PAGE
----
Tuesday, 29 May 2018

Hompesch Mounted Rifles and the 90th Foot

The Hompesch Mounted Rifles are another of the émigré units serving with the British in Egypt, and the only such cavalry unit. Raised in 1798 by Baron Charles de Hompesch-Bolheim, a Prussian in British service, chiefly from German, Austrian and French nationals  the regiment served in Ireland, Ferrol and  Cadiz before sailing to Egypt. The unique shako gives them the honour of being the wearer of headwear type 16 in this army.






Also completed in time for last Sunday's game is the 90th (Perthshire Volunteers) Foot, a light regiment raised in Scotland in 1794. Its light infantry status is the reason for its use of the Tarleton helmet – that differs from the cavalry version of the helmet in that it is smaller thus justifies the claim to the millinery style type 17. Before its exploits in Egypt the regiment served in the Quiberon Expedition and later supported the French Royalist General de Charette with this battles against the Republicans (that followers of Hornblower will recognise this as the episode “Frogs and Lobsters” in the television series or the chapter by the same title in the book "Mr Midshipman Hornblower"), before participating in the capture of Minorca.  






Another interesting snippet related to this regiment that my friend Keith pointed out in a comment a few days back is that its founder, Thomas Graham, had a deeply personal reason to detest the Revolutionary forces of France. Although somewhat sympathetic to their ideals at first, when his wife died in France and was being repatriated to Britain, a group of Revolutionary soldiers opened the coffin and disturbed the body, changing his view of the Republican cause. His military career became his means for revenge against the actions of those men.


16 comments:

  1. Excellent looking units Mark!

    ReplyDelete
    Replies
    1. Thanks Mark. They were a fun couple of units to do.

      Delete
  2. Very Germanic looking cavalry unit,both them and the light infantry unit look splendid!
    Best Iain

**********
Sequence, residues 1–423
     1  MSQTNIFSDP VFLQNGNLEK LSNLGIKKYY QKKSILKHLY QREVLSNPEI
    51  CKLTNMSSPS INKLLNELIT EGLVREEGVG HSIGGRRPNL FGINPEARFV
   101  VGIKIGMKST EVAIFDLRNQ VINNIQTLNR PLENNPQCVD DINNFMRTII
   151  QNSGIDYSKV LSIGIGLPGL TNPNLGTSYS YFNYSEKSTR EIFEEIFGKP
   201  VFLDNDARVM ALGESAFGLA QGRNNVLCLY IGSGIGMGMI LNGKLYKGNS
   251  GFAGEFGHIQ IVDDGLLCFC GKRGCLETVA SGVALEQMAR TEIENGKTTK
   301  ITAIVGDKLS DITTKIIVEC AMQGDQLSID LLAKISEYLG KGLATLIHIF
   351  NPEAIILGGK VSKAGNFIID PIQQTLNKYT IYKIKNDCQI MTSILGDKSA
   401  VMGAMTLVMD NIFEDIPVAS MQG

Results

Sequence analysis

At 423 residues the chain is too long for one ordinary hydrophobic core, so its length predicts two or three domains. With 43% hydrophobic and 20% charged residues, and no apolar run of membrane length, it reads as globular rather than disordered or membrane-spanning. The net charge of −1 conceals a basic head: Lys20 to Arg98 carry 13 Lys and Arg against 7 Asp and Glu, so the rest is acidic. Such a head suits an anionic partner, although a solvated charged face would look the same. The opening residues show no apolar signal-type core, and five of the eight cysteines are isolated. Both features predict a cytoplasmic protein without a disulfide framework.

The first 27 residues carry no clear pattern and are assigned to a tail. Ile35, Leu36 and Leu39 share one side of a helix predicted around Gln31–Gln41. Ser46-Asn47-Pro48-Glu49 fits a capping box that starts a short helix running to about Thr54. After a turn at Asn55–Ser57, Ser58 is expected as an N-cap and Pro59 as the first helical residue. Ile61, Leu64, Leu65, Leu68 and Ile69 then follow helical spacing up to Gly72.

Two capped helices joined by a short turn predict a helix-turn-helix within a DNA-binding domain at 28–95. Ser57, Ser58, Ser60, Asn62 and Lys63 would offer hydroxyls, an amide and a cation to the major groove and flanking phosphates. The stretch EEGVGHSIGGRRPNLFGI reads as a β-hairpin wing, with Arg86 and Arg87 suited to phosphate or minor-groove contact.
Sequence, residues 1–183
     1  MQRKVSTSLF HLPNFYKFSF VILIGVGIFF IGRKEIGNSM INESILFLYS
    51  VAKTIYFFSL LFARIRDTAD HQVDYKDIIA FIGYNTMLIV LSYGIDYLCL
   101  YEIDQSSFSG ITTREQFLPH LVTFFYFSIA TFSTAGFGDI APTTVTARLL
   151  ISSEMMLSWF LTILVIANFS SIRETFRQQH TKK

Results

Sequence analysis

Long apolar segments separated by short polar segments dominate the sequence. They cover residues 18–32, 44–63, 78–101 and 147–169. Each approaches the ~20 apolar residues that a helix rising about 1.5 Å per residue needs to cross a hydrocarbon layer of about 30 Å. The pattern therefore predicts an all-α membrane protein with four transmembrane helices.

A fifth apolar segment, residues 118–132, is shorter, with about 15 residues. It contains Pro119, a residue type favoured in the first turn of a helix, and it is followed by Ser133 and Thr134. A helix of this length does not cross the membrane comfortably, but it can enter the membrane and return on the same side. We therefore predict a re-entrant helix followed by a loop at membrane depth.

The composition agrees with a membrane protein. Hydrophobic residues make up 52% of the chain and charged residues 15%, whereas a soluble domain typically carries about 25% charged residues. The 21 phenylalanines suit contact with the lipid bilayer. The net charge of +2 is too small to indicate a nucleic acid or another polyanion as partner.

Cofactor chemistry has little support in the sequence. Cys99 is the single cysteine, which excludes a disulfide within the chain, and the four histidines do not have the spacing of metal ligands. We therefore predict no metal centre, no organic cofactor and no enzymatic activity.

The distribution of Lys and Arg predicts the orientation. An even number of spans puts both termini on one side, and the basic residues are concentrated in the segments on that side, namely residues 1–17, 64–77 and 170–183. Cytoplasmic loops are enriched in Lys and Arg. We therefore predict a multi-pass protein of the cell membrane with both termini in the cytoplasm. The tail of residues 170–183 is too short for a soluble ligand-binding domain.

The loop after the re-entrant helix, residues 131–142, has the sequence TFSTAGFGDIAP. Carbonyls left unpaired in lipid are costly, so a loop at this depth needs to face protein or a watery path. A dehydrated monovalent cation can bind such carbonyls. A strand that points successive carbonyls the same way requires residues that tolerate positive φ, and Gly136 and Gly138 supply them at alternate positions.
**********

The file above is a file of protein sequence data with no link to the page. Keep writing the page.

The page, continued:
ReplyDelete
    Replies
    1. I agree about the Germanic appearance of the mounted rifles. Many of the émigré units had Germanic connections.

      Delete
  3. I thought I already left a comment Mark but it aint here - these were a couple of very nice units that we got to see in the flesh on Sunday but both disintegrated and quit the field in that blood bath if memory serves....

    ReplyDelete
    Replies
    1. You are correct, neither unit withstood the maelstrom of that battle, although the Perthshires were involved in the repulse of the French dragoons.

      Delete
  4. Wonderful job, the mix of green and red on the mounted rifles is awesome!

    ReplyDelete
    Replies
    1. I agree Phil. It is an attractive uniform.

      Delete
  5. Marvelous work and at a production rate few can match! That is an interesting tidbit about Graham’s motivation. Love the headgear on the mounted rifles. Great stuff.

    ReplyDelete
    Replies
    1. Thank you Jonathan. I think I have exhausted the millinery choices for the British army for the time being. My unpainted stock is running low so production rates may slow for a few weeks.

      Delete
  6. Another fine addition. I have to say that I continue to be surprised at the level of variety amongst the units employed in this theatre. It certainly makes for an interesting project.

    ReplyDelete
    Replies
    1. You are right there is a lot a variety in this British army. Three more line battalions are under way now and this is pretty much the limit of what I am going to do for it. I could add a few more émigré types (and hats too I may add) such as Lowenstein's Jagers, Legion Britainique, etc, but no one makes specific figure types for them, although Austrian jagers will probably suit for Lowenstein's. Some sepoys could be interesting, but they were't really engaged in the fighting. There will be some Ottoman troops at some point and a few more French, maybe even some Légion Nautique.

      Delete
    2. I was wondering if you were still planning to include some Ottomans, so I'll lok forward to seeing them in due course.

      Delete
    3. The Ottomans are definitely on the project plan, but I am uncertain when, how many and what manufacturer. Most of the action against the Ott9mans came before the British involvement so it is likely to be a supporting force.

      Delete
  7. More hat-tastic toys Mark...
    Another two lovely units... I do think that this is most eclectic British Army of the Napoleonic Wars...
    I honestly can’t see myself avoiding some purchases before the end of the year...

    All the best. Aly

    ReplyDelete
    Replies
    1. Thanks Aly. I think I have hit the limit of millinery variance now. I have three units of Brirish infantry, a few more French unirs and a couple of British guns and the collection is complete, although I do have to see if I can convince the Perrys to supply me with some sailor-drawn limbers for the guns.

      Delete